We believe she snuck out the night before, when we returned home from an evening out. In the transition from inside to outside, the door was left open and she snuck out. She’s only done this once before and it wasn’t for very long. But this time was different. She didn’t come back. We made flyers, put out food, and walked the neighborhood calling her name. We’ve visited the local animal shelters and alerted all the vets and cat rescues in the area. We even turned my iPod touch into a security camera to keep watch during the night. So far, there’s been one probable sighting by our mailmen and we heard cats (possibly) fighting on our front stoop. But that’s it. The food is being eaten by local cats and raccoons. The weather is turning cold and wet. We’ve run out of options and are just waiting to see if she’ll come back.

It’s maddening. Every time I walk by the front door, I look out to see if she’s there. If I can sneak home in between pastoral visits, I stop by to see if she’s sunning on the back porch. I keep hoping for a glimpse.

While this goes on, of course, life goes on as well. There are still kids to get to school, Halloween costumes to order, sermons to preach, and worship services to craft. Life doesn’t stop but it feels different since Chula isn’t there like she use to be. We’ve gone from two lovable pets to zero in a very short time. Let’s see if, by just writing this and putting it out in the atmosphere, maybe she’ll come back from her adventure tonight.

Goodbye Summer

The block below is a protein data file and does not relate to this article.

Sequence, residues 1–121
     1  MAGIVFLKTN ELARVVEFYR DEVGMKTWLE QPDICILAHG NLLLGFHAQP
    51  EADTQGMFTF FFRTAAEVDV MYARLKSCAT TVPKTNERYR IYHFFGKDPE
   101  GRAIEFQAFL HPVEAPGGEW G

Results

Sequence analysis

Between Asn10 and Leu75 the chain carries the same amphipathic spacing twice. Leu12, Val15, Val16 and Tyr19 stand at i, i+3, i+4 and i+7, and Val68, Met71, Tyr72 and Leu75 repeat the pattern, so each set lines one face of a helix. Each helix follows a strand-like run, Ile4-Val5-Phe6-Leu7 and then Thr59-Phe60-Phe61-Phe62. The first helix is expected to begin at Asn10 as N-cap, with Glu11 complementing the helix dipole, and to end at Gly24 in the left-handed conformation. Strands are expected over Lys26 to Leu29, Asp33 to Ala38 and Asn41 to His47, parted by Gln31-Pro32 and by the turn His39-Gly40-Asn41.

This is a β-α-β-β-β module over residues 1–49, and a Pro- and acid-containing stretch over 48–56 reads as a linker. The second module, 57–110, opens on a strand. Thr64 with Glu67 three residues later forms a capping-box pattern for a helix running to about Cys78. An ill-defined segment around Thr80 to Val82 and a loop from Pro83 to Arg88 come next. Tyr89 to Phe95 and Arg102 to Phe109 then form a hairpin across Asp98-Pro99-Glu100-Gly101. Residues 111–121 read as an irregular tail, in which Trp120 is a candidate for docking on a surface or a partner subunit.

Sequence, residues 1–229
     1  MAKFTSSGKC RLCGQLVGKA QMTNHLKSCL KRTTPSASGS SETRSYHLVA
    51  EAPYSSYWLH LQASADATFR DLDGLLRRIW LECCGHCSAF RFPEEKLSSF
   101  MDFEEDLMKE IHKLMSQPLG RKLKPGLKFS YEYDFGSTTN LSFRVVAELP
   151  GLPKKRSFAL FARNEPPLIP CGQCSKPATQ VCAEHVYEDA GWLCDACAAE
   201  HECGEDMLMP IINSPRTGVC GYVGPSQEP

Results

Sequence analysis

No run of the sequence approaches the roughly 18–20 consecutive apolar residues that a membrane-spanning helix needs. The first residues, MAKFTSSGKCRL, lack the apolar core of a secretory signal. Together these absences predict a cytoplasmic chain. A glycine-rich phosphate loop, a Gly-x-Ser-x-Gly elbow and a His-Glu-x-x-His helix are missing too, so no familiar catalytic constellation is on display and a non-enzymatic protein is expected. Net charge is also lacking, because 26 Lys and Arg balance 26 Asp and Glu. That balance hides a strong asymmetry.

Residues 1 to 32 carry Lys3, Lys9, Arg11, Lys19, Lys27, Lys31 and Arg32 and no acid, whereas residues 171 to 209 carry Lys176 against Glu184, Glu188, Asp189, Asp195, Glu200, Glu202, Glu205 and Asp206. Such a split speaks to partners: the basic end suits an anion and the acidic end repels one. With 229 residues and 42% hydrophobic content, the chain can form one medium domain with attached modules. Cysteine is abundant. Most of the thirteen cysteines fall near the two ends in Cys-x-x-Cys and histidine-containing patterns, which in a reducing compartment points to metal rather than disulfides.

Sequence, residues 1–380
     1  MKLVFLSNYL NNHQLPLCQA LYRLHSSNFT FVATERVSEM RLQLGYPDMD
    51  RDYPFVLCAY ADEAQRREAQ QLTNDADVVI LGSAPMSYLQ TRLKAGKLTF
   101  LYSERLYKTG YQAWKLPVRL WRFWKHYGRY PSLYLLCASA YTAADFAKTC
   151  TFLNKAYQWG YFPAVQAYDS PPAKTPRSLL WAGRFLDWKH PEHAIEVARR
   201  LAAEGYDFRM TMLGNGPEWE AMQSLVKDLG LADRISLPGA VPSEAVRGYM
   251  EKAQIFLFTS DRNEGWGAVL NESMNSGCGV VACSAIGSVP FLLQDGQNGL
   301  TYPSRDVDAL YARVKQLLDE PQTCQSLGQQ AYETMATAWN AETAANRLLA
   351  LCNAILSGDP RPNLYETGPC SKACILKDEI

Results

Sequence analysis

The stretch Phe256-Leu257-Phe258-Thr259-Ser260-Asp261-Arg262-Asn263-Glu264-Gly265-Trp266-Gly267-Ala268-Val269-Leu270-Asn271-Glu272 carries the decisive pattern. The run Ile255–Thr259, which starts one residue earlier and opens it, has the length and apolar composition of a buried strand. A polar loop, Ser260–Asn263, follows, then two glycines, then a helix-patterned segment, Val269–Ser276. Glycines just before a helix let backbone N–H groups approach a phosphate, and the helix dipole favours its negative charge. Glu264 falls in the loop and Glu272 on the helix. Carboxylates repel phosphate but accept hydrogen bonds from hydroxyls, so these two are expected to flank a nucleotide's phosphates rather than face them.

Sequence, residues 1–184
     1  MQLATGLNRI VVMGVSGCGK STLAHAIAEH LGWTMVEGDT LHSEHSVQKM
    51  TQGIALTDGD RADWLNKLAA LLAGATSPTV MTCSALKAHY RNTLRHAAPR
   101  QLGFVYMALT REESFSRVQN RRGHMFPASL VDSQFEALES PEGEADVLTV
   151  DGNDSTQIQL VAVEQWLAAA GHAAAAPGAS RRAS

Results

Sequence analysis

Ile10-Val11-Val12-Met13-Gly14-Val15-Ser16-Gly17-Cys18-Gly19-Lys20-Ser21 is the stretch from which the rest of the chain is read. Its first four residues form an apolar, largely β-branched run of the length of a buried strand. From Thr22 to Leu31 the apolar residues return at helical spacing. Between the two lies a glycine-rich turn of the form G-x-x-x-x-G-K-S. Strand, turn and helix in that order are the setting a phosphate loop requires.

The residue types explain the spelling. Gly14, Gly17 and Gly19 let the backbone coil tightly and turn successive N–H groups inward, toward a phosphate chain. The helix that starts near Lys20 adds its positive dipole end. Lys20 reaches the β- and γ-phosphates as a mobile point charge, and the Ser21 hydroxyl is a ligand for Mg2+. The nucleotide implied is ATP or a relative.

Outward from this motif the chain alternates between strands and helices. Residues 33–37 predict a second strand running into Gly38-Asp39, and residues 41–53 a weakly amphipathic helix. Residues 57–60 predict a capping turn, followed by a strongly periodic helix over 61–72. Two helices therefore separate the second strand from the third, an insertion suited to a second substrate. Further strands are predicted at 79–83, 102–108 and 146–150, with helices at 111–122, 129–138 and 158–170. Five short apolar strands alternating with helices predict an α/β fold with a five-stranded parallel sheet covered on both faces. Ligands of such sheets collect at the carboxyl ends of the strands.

Today is Labor Day. Summer is suppose to be over. However, I will live in denial about that reality for a little bit and spend some time posting pictures from my recent trip to Ocean City, NJ. Beach, I will miss thee.

K and G, ocean buds.
K and G. August 26, 2015. 8th street beach.

Miss ya Twinkie

Two weeks ago, as we were getting ready to take our annual vacation to Ocean City, we had to put our beloved Twinkie down. For two nights, she was coughing and hacking. By the evening of the second day, she stopped picking up the food that our almost-one year old tossed on the floor. We took her to the emergency vet early in the morning, leaving her in a oxygen cage, waiting to hear what our options were. The morning turned into lunch. Lunch turned into the afternoon. Then, finally, the vet informed us that Twinkie was suffering from heart failure. She might, with an extensive drug cocktail, live for a handful of pain-filled months. We decided it was time to say goodbye and we put her down. Twinkie, our amazing Chihuahua, was almost 12 years old.

Someone's scared during this thunderstorm. #chihuahua #dog

A photo posted by Marc A. Stutzel (@stynxno) on

Will walk dogs.

A photo posted by Marc A. Stutzel (@stynxno) on

I first met Twinkie when K and I went on our first date. K invited me over for dinner at her place before we went out. So after taking two trains and wandering through a part of Queens I didn’t know, I found myself playing with this little dog while K finished cooking potatoes au gratin. I’m a cat person. I never spent time with dogs. But this little tan furball kept bringing me a purple toy to toss across the apartment. So I kept throwing it and she kept bringing it back. I don’t know why she wanted to keep playing with me but she did. And that’s how it was for these last 9 years. The house is now quiet without her barking at random things, the clip-clip-clip of her feet on the hardwood floor, and George misses grabbing at her and she never snapped back. She was a good, feisty, and lovable gal. Take care Twinkie. We’ll see you on the other side.


Last week, Luther Seminary hosted an event where 300+ leaders gathered to Rethink Confirmation. I wasn’t there but others were. Below is just a collection of tweets from participants. Hopefully these thoughts will help me to rethink confirmation too.